While visible injuries change the course of the officers’ lives, their emotional suffering causes them to lose sight of who they once were altogether. The narrator describes an elite officer who had been awarded three medals: “He had lived a very long time with death and was a little detached. We were all a little detached and there was nothing that held us together except that we met every afternoon at the hospital.” After their time in battle, it seems, the officers find themselves unable to slip back into their previous lives; they have lost their sense of how to interact on a day-to-day level after the horrors they have witnessed have so thoroughly detached—or distanced—them from everyday life. Their new daily routine offers them a semblance of normality that keeps them going, but their treatment schedule does nothing for their psychological suffering and they remain disconnected from society.
Toward the end of the story, the Italian major’s young wife dies from pneumonia. Previously, the major had been shown to take his physical impairment with good grace, teaching the narrator Italian grammar during sessions and humoring the doctor’s optimism. However, dealing with the loss of a loved one leaves him changed in a way that losses experienced during the war apparently hadn’t. He warns the narrator angrily never to marry, as a man “should not place himself in a position to lose,” and he spends his subsequent treatment sessions staring out the window. With no resolution offered, Hemingway leaves the major alone in the (probably useless) machine, engaging with nothing at the end of the story.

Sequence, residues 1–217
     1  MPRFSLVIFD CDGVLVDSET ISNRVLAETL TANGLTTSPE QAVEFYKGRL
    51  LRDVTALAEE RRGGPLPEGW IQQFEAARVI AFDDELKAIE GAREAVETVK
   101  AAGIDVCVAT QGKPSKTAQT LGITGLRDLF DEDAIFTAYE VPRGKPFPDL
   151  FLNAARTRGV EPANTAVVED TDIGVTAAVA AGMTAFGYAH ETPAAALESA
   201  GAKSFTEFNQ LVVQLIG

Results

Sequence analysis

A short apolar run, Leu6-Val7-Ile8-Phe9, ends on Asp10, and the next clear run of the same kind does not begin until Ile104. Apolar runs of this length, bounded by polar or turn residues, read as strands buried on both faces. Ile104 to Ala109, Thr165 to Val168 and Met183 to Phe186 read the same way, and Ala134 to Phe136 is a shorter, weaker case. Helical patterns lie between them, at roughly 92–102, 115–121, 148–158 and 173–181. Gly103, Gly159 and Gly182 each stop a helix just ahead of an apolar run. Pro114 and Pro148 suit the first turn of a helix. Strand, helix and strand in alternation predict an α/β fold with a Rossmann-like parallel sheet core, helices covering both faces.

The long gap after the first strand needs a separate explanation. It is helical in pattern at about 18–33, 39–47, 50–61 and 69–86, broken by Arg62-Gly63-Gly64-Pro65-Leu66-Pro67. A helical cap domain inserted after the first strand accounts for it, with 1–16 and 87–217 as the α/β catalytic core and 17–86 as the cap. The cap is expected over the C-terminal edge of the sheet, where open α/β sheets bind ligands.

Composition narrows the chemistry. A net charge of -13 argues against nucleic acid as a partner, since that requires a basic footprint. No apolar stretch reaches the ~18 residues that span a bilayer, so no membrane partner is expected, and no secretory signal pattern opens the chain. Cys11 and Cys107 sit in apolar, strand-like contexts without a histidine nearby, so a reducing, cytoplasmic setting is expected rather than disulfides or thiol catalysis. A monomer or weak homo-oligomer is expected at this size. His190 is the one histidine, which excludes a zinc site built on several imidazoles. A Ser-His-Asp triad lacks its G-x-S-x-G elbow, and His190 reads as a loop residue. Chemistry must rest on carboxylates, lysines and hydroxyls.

The major’s impossible instruction to the narrator—to never to place himself in a position to lose anything—further presents loss inevitable both on the battlefield and in everyday life. The question is not whether something will be lost, then, but whether it is worth opening oneself to greater suffering by embracing temporary connection in the first place. The major asserts that if something can be lost, then it will be lost: “‘He’ll lose it,’ he almost shouted. ‘Don't argue with me!’” While portrayed as melodramatic and overly pessimistic because of his grief, the major’s words hold weight. War and the sheer unpredictability of life can bring all things to an end, and that is a risk that everyone—soldier or not—faces. It is impossible to insulate oneself from loss, however, which is something Hemingway ultimately presents as a universal fact of life. Yet read optimistically, the major’s powerful response to his wife’s death can be taken as an implicit admission of the incredible value of loving human relationships—which are, in many ways, what the soldiers sacrificed so much to protect in the first place.